In many ways today is my favourite part of the Christmas season, because I’m all about the anticipation. Looking back and sifting through memories to try and understand the way this day has been constructed for me and how I am then constructing it now with my partner and for our children I realise it has always had three distinct parts and characters as a day that moves into an Eve.
The morning is about preparation from shopping, to cooking, to cleaning. The afternoon moves into some sort of social occassion or activity a walk, a party or calling with friends. The evening becomes evocative, singing, praying, candles, ritual.
Over the years Christms Eve was about granny arriving, bringing stacks of presents, her giant double duvet for the spare room and cheese triangles and twiglets in those giant tubes. It’s been for cleaning the house from top to bottom, putting peanuts in dishes and heating chilli in a pot on the cooker, moving all the regular coats upstairs to make space for the visitor’s coats. A sea of faces and clouds of perfume as hugs and high spirits and gifts entered our home reminding us of our parents friendships and community. It’s been about dad hammering out some carols on the piano, about jolly descant efforts, about an informal midnight service that served as a reunion with old friends as well as a quiet moment to listen to and discover the sacred running through this whole engorged season of ours.
I like Christmas but I know it’s awful for others. I know there are problems with consumerism, debt, domestic violence, loneliness and sickness. I know that we live through and remember loss and separation when the current of our popular cultures is doing our best to push us through this jolly time. I know that around the world, there’s a shed load of suffering and Christmas doesn’t mean a thing to millions and certainly doesn’t appear to extend any of its good will to them. However, I also know a lot of people who don’t really experience excess but spend time developing and cultivating ritual, relationships and time with themselves and each other at this time of year. I know people who have dragged advent back from a dusty tradition and breathed life into it as a season. I know that because of Christmas in some places people are prompted to look a little wider and think a little deeper about poverty, absence and justice elsewhere.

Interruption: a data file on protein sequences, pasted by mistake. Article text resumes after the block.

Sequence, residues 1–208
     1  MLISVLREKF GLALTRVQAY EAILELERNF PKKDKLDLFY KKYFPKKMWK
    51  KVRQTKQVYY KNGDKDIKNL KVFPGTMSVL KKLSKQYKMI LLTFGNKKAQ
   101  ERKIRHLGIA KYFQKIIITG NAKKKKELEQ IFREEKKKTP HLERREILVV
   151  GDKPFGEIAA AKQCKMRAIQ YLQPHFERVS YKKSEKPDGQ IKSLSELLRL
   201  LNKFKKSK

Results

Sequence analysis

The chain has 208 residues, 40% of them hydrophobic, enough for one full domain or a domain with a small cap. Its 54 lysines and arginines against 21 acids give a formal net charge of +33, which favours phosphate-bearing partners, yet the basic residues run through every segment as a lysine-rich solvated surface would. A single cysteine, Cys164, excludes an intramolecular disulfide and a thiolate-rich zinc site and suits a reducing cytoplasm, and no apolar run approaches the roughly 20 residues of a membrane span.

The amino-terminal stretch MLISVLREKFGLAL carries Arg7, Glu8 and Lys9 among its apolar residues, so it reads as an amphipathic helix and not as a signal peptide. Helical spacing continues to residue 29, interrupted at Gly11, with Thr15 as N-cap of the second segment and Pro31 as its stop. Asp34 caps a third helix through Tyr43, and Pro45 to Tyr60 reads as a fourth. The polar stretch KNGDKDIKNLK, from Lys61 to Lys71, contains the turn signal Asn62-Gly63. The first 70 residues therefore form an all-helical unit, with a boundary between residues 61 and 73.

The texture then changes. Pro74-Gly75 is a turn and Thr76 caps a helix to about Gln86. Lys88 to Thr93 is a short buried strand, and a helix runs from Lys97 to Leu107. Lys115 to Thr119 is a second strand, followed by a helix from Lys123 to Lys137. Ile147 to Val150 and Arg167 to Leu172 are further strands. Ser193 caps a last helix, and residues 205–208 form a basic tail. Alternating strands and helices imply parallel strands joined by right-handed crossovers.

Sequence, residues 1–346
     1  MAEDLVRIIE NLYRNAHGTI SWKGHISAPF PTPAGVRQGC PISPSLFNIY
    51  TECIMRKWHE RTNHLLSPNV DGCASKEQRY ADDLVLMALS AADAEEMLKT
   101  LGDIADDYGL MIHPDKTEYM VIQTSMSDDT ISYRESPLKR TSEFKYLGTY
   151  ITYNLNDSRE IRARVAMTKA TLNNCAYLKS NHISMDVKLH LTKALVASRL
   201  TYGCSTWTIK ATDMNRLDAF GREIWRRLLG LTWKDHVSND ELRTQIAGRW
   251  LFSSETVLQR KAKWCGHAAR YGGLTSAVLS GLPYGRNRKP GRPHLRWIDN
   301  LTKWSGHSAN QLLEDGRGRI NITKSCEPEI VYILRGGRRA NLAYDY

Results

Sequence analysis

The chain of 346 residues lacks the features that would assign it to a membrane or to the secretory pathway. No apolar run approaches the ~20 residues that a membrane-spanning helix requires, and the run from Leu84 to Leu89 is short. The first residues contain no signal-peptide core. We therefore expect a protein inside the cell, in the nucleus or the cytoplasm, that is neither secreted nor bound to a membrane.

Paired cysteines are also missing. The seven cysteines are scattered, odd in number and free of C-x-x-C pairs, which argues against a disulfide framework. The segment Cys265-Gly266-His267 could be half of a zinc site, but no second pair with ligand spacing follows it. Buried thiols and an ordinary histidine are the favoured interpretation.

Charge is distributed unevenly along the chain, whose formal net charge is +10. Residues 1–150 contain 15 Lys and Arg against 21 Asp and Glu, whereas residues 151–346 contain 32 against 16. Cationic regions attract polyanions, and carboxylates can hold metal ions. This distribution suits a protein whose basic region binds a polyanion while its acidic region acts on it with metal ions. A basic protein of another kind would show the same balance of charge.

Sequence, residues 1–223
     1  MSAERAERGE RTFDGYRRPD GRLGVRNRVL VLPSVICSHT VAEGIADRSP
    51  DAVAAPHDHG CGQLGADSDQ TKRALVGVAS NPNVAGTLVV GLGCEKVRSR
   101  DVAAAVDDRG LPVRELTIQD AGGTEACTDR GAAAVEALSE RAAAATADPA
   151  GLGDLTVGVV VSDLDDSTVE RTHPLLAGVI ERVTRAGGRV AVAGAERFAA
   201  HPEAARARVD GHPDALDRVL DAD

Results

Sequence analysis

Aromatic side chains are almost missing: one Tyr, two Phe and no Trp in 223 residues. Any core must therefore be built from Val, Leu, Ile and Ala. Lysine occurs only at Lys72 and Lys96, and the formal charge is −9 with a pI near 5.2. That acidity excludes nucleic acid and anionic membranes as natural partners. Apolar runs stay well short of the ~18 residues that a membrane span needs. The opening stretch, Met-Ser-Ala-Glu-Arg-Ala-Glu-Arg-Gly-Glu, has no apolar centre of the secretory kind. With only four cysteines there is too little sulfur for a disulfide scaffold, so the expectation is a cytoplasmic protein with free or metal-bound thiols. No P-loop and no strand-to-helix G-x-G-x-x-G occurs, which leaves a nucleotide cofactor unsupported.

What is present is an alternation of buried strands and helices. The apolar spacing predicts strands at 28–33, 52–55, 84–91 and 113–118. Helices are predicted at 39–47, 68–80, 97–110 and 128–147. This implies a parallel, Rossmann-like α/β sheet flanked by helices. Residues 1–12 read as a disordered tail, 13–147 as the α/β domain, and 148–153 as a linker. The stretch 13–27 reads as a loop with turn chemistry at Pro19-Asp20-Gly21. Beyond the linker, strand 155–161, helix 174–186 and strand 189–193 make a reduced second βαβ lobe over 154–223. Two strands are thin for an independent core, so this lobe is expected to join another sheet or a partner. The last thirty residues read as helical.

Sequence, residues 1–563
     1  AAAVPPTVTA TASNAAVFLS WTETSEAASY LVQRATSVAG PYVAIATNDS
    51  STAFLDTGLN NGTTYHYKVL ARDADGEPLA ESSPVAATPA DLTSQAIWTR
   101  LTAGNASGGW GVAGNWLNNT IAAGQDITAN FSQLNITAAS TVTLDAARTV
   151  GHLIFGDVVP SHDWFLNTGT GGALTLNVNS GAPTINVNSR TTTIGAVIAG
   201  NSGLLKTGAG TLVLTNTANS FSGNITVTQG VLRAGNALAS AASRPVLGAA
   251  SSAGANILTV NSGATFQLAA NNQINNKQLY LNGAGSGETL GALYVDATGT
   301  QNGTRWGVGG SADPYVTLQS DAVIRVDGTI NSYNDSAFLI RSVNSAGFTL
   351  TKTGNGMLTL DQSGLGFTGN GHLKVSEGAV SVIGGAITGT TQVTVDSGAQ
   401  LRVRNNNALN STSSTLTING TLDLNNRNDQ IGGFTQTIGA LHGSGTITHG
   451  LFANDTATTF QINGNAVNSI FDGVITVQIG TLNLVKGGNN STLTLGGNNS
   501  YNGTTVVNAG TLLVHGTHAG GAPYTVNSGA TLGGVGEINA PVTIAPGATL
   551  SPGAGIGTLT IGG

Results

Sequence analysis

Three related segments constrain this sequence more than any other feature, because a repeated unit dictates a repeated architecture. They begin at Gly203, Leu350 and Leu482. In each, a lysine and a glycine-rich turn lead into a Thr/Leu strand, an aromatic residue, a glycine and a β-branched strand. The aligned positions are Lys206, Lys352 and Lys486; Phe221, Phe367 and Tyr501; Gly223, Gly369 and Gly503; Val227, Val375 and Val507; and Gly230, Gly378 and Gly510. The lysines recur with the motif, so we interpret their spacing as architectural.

I’m in the early years of forging new traditions and rituals for myself and my family. I’m missing the crowd of my parents, siblings and wider family who are all together this year without us, but also looking forward to the comfort and care and peace of home here. Each Christms Eve so far has looked a little different to the last but there are things that we do that are starting to stick and that are startting to stand out to create the blend of meaning that has evolved for us and Christmas here in the UK/Irish West.
I couldn’t write my advent series this year for a few different reasons. But I’ve been grateful today for these two pieces and if you’ve time, I’d encourage you to draw upon them to help you think about your own place and space this year.
Christmas Has Multiple-Personality Disorder – The Ruthless Monk
Christmas, In Four Movies – D.L Mayfield
Wishing for Peace and Hope – December 2013